HADRIAN’S ECHO:

THE WHYS AND WHEREFORES OF ISRAEL’S CRITICS 

By Leon Reich

We may have given up looking for a fresh take on the Israeli-Palestinian conflict. When not prescribing policy, commentators either make a case for Israel or tweak, twist and invent its faults, and on every count hand down their target market’s demand for a guilty verdict. Other commentators look to fill the neutral space in between. It’s all covered.

But a writer perceptive enough to break the conflict into three parts – physical, diplomatic and propaganda – then worry the guts out of the third, might just hit a rich unexplored vein. In those terms the market will judge Steve Apfel’s new book.

His Preface, a gem of an essay on its own, relates that the book’s title might well have been “How the West was won.” The Palestinian camp, it argues, has won the contest of “words, images and manipulation” hands down. But even in victory they have an image to sustain.

To be caught trumping Israel in manipulating opinion would deal a blow to the Palestinian camp – even a fatal blow. It would ruin the narrative. The Palestinian camp must play the underdog in this as in every other battle, or risk the whole war.

Hadrian’s Echo is a long way from being a Dershowitz type book. In The Case for Israel the great advocate tackles the prosecution’s case. Apfel tackles the prosecutors.

He does this (and it accounts for the spark of originality sustained throughout the book) through models. Into these he fits the propaganda mongers: journalists, NGOs, political and civil activists, legal fraternity, UN agencies, anti-Zionist Jews – all foot soldiers in the anti-Israel brigade.

The overall model – I would say the book’s constant theme – comes from the unlikely mouth of Willy Sutton. When asked why he robbed banks Sutton, tongue in cheek, shot back: “That’s where the money is.” Apfel takes this homily to formulate a ‘Sutton principle.’ Why do people and whole nations obsess overIsrael?  Because, he argues, that’s where the Jews are. And the book goes on to demonstrate that.

Another model is named Louis Farrakhan and his Shadow. The million-man marcher represents the real deal Israel-hater. But critics for the serious market, their hidden hatred raw like Farrakhan’s, have to put on a professional front. By interrogating a group of media personalities (Robert Fisk is one of them) Apfel strips away their front until the men stand naked, and we see them for what they are. Another model is the ‘Worm Catcher,’ which finally slams and locks the door on anti-Semites who protest their bona fides.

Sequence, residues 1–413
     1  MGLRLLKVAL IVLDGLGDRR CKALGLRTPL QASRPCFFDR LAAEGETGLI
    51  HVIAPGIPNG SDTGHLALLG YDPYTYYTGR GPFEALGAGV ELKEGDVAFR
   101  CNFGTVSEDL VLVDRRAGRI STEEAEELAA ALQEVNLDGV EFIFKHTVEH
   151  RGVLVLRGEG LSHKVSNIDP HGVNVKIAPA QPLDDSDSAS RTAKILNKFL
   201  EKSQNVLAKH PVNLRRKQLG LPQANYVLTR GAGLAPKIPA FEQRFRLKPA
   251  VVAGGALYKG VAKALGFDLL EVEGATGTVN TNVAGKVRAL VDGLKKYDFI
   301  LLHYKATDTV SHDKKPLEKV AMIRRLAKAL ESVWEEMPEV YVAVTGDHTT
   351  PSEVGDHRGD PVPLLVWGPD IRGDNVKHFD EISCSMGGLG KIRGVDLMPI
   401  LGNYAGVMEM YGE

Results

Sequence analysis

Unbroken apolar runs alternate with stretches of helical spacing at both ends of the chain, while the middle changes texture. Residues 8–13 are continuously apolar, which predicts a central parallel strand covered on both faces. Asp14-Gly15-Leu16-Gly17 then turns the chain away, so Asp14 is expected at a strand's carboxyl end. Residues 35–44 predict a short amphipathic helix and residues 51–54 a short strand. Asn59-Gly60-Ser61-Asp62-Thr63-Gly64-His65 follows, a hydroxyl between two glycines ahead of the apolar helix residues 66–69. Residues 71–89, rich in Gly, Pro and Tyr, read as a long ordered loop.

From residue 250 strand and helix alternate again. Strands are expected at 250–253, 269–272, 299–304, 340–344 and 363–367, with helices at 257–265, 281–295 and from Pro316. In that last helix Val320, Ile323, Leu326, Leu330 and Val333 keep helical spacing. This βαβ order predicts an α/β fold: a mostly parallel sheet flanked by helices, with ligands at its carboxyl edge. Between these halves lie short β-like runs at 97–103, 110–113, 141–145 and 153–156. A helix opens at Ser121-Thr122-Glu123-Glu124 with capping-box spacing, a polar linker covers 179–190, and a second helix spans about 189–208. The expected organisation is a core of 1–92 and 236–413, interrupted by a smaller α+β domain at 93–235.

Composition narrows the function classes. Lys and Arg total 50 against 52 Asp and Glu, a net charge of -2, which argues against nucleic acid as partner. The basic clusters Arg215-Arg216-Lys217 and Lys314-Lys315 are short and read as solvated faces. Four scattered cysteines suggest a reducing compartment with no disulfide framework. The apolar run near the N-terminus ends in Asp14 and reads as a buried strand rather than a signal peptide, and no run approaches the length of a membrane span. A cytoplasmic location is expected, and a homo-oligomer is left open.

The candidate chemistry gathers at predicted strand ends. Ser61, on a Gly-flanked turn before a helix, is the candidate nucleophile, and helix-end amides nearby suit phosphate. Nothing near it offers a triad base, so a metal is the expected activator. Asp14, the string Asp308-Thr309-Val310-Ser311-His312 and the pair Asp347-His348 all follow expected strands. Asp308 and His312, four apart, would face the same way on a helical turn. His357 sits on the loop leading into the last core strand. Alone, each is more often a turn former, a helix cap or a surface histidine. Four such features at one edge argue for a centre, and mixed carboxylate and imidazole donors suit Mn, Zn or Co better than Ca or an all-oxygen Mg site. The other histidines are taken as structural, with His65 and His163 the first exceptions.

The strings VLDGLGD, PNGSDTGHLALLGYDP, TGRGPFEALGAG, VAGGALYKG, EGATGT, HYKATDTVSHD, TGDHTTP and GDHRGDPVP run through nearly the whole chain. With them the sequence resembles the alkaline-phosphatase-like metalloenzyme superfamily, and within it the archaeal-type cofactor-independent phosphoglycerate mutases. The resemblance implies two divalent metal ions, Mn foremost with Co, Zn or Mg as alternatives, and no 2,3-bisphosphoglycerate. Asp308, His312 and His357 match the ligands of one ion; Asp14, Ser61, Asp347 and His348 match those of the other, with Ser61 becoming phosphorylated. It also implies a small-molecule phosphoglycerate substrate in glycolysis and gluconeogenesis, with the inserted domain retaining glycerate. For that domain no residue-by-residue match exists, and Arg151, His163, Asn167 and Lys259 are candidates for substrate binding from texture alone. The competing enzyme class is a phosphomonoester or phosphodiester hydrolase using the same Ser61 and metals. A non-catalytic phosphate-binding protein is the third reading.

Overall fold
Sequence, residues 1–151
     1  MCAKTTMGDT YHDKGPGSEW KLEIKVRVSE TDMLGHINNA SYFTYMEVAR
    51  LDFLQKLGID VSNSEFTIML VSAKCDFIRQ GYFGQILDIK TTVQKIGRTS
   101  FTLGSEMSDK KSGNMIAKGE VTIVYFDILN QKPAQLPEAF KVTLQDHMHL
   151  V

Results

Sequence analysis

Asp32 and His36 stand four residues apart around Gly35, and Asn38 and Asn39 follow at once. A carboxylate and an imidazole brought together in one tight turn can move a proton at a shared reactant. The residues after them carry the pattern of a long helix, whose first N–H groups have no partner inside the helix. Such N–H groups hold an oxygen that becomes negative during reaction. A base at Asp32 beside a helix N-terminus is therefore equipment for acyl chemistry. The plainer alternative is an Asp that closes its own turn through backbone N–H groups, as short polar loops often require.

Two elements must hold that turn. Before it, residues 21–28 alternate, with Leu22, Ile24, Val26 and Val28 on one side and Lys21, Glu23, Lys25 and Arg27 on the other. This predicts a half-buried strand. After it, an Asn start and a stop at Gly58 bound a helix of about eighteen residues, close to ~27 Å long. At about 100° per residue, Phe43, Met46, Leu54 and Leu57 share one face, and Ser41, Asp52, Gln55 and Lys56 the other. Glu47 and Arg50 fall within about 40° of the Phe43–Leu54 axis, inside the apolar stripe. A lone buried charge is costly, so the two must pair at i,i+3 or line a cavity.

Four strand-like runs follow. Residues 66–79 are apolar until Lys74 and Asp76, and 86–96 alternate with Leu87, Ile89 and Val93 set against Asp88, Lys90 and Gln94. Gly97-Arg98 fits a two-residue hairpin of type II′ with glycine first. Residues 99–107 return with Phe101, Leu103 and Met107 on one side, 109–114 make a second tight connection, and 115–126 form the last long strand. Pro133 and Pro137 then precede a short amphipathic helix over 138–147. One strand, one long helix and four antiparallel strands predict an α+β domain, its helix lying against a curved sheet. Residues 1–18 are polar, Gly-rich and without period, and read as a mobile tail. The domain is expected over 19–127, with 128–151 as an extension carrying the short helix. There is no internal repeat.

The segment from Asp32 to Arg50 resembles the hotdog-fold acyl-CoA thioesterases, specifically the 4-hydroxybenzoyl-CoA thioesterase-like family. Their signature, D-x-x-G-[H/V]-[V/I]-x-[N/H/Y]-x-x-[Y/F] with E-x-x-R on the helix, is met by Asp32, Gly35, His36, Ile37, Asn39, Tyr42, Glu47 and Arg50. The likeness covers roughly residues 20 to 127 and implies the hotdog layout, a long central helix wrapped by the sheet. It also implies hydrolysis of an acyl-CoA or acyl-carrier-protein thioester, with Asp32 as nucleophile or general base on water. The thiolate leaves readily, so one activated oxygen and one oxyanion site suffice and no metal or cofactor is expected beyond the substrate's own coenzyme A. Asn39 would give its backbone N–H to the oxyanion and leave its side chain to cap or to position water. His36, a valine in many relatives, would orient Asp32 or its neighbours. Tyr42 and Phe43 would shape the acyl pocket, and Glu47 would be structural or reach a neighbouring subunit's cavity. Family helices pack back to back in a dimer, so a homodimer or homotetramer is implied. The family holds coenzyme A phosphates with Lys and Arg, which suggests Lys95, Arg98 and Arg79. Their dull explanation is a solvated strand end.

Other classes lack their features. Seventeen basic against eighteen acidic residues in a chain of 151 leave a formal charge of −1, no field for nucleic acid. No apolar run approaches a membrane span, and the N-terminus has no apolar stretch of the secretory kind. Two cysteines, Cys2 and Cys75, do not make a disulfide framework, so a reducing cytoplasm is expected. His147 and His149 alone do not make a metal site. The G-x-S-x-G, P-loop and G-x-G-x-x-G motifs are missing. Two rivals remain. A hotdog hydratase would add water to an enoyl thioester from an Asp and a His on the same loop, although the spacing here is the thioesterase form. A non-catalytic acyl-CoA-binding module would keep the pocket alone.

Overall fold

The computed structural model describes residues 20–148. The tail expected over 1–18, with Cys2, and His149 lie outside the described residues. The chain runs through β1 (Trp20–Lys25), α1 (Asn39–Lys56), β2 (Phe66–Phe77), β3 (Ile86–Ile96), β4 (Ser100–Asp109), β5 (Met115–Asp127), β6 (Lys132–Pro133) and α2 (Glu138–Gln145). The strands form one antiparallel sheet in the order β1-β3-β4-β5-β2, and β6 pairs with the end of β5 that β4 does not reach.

Apfel’s model to understand anti-Zionist Jews like Pappe, or Zapiro, or Finkelstein, relies on that seminal work by the Frenchmen Jean-Paul Sartre: Anti-Semite and Jew.Israel was not born when the philosopher-playwright wrote the book; but Apfel adapts it to the conflict of words, images and manipulation:

Media types who have their eyes fixed severely upon Israel have not much in common with Jews who have their eyes similarly fixed. Both it is true, camp on the Palestinian side, but their equipment is quite different. For their part Jews find themselves in that camp out of feelings partly conditioned by the media… Applying the insight of Sartre, these Jews “have allowed themselves to be poisoned by the stereo-type of Israel.” Another thing …Jews against Israel have taken a circuitous and tortuous route by way of the desert, a route not taken by other groups.  They had to over-adjust in order (applying Sartre) to be distinguished radically from acts catalogued as Israeli.

 

The book contains many original insights. Take the difference between critics of Israeland activists against Israel. “They are alike in being concerned with Israel’s behaviour, and unlike in the behaviour that concerns them. The clearest way to separate the two is by considering the sort of demands they make on Israel.”

Perhaps the most detailed and thought-provoking chapter would be ‘Games the media play.’ As an op-ed in the Times of Israel, it attracted global attention. I would have to agree with at least one comment, out of the scores posted, that of Maurice Ostroff, well-known defender of Israel:

This cogent essay should be on the recommended reading list for all who wish to avoid being misinformed by the media. You ably confirm Mark Twain’s quip “If you don’t read the newspaper, you are uninformed; if you do read the newspaper, you are misinformed.

For me the compelling chapter of the book is titled “The Lawman of Leiden.” Apfel takes on a UN edifice and its Special Rapporteur, Professor John Dugard. After acknowledging Dugard’s credentials, he rips into his facade as expert on International and Humanitarian Law who throws the law book at Israel. By the end of three chapters of evidence, interrogation and analysis, Dugard’s reputation lies in tatters.

The cover promises that Hadrian’s Echo is a “book that will entertain while it enlightens.” I shall only add that it’s worth reading, again and again.

Alderman Leon Reich is National Chairman of Likud, SA, a former hotelier, Councilor of Rhodes University, and the only Jewish Mayor in the 200 year history of Grahamstown. 

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